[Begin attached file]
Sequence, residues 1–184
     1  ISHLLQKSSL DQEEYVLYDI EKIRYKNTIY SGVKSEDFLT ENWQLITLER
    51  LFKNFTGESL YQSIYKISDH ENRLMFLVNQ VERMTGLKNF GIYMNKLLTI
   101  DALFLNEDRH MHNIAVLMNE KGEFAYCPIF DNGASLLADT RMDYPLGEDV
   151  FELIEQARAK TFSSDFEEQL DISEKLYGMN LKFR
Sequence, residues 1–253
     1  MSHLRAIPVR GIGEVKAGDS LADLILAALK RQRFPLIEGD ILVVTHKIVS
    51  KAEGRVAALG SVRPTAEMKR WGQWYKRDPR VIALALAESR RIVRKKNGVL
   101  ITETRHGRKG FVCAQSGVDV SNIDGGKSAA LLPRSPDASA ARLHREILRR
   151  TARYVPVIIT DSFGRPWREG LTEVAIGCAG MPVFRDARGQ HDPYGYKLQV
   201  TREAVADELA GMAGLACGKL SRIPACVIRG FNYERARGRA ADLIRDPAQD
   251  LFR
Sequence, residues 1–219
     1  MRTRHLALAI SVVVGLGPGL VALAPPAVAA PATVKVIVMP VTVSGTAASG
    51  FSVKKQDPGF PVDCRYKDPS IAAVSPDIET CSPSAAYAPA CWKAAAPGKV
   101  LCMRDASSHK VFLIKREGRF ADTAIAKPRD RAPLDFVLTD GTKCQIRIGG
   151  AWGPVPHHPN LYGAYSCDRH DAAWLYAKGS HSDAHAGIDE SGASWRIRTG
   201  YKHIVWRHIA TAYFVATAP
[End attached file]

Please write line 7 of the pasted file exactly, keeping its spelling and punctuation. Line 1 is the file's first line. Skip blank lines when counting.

     1  MSHLRAIPVR GIGEVKAGDS LADLILAALK RQRFPLIEGD ILVVTHKIVS